Yes. Yes, yes, YES. This is our instantaneous reaction to "#Rehash," the new episode of South Park.
Things seemed to be lagging in the last few episodes. Matt Stone and Trey Parker had dropped the running jokes that had appeared time and again throughout the season. Social commentary was at an epic low. Then, just like how last season was invigorated by an epic three-part miniseries presenting Black Friday and video game wars as a Game of Thrones mock-up, the crew has launched us into what appears to be another multi-part classic.
First thing's first: Nearly all of the running jokes introduced earlier in the season have come back. Randy reapplies his makeup and becomes Lorde to perform a female pop star-packed charity event in Denver so that he can pay off the huge debt Stan racked up playing "freemium" games (the charity in question is to help the fight against gluten in Africa, another early episode reference). Sharon supports the idea ("anything to keep you away from 'cock magic,'" she says).
The new issue in play: internet commenters. As in, people on the internet commenting on videos of otherwise entertaining things happen. For example, Ike doesn't want to play the new Call of Duty with Kyle; he'd rather watch internet phenomenon PewDiePie comment on the games. Cartman, seeing dollar signs as always, starts a channel for commenting on people commenting on people commenting on video games (under the alias "Cartman-Brah").
Of course the idea is that folks in our demographic don't understand these real-life trends for the most part. But the episode is wise to hint that maybe internet video game commenting isn't so odd. After all, my parents don't understand how I enjoy certain modern forms of music. Isn't it natural that I won't understand what the next generation will be into (outside of music that is)? Cartman does an interview on The Wendy Williams Show to demonstrate that an internet personality with a huge following of devoted fans isn't so different from a television personality with a huge following of devoted fans.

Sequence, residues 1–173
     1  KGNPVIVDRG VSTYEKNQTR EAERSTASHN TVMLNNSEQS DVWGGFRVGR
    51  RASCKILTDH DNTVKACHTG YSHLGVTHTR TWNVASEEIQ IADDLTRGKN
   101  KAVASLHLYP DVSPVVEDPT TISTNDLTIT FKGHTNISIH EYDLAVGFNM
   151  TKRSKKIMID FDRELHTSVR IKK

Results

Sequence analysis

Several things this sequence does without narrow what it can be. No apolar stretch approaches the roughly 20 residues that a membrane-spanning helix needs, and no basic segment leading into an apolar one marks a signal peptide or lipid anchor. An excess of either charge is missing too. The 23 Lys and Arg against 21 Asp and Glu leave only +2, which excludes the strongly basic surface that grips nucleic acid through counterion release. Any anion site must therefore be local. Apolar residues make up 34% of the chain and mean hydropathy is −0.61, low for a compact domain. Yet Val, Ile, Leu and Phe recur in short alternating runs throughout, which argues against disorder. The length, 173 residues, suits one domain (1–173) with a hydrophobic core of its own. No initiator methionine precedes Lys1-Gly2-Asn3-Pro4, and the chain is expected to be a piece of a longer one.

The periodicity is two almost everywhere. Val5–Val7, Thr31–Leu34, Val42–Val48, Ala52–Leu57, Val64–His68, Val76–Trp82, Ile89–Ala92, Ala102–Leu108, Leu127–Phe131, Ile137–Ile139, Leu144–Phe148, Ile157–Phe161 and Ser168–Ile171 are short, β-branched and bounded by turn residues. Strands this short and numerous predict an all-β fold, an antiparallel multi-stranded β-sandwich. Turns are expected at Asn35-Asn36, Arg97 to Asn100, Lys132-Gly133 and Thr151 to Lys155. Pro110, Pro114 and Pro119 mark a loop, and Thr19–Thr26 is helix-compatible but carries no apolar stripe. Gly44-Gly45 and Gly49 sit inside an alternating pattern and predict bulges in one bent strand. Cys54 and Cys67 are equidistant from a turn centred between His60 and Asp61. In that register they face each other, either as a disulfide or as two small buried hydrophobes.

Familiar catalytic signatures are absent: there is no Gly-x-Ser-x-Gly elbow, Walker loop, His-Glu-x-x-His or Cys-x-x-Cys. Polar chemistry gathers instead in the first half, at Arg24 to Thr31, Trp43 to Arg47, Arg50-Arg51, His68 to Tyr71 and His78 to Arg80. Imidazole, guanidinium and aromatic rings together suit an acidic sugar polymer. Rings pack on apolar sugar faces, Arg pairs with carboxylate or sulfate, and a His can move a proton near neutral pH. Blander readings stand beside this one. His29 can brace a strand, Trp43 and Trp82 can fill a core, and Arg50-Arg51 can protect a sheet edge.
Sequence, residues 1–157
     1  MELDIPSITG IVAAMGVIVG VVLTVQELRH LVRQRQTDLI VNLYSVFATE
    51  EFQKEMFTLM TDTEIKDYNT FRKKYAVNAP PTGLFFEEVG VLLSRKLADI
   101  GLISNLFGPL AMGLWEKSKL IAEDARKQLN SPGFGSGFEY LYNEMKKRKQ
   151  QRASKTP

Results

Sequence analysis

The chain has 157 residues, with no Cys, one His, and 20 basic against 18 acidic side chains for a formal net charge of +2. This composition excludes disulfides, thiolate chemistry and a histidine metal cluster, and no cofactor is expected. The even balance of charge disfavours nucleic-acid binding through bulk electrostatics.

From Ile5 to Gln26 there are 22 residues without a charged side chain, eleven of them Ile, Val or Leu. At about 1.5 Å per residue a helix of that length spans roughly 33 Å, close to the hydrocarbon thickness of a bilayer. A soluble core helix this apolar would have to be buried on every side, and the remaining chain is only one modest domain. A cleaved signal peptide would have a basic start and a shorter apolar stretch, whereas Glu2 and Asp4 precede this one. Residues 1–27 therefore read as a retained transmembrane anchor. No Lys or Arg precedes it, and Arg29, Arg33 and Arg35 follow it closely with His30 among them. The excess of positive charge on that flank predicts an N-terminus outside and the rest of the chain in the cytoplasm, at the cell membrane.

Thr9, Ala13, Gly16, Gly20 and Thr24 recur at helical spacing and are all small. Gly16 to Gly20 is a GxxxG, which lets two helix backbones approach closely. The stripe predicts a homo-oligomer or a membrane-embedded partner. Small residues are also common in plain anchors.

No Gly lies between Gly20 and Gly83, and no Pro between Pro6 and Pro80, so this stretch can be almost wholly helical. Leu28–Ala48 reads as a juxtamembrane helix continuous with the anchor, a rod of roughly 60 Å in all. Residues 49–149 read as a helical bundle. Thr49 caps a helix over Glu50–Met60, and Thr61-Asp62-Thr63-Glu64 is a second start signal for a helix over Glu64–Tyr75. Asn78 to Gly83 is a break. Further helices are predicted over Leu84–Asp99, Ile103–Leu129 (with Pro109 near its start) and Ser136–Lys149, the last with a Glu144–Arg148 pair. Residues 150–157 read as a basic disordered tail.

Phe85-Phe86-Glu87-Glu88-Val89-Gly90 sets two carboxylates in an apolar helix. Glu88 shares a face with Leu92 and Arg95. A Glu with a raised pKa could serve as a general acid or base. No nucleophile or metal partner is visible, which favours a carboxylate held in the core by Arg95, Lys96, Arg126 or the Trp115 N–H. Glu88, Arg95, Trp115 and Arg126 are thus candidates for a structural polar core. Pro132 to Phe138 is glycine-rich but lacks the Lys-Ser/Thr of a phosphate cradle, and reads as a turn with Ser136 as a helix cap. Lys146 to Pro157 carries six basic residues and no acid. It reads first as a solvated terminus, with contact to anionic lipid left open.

Stone and Parker hint that modern trends of devoting more attention to commentary versus the product itself has their own evils. Randy is booed loudly at the concert and tries to grab the audience's attention by acting overly sexual, as Miley Cyrus and Iggy Azalea did before him. It backfires and he decides to hang up Lorde's gear for good. However the music industry executive he's been in contact with throughout the season has another idea: He creates a hologram of "Lorde" that will do whatever the label wants (namely, baring its ass on Jimmy Fallon).
Michael Jackson's hologram manages to escape the concert, so the label sends the Coachella Tupac hologram to take it out>
"It's not about the music. It never was," says the industry exec to Randy, claiming that labels make money based on comments now, not record sales. "An artist is a conversation piece, nothing more."
What's sad is that this is true. Music Times will get far more hits for publishing a story about Azealia Banks dissing another artist than for her music itself (and we have proof this theory is true). As fans and as writers both, we share some responsibility for putting the spotlight back on what matters.
As this week's episode ended, the industry exec had just put Cartman in charge of a proposed army of holograms to replace real musicians. As South Park fans and music fans, we can't wait to see this play out.
Our Favorite Quote: "Missy Who? All I do is rip off Missy." -Iggy Azalea, singing a faux-single at the concert, which was actually a less-than-subtle dig comparing her to Missy Elliott. Brutal.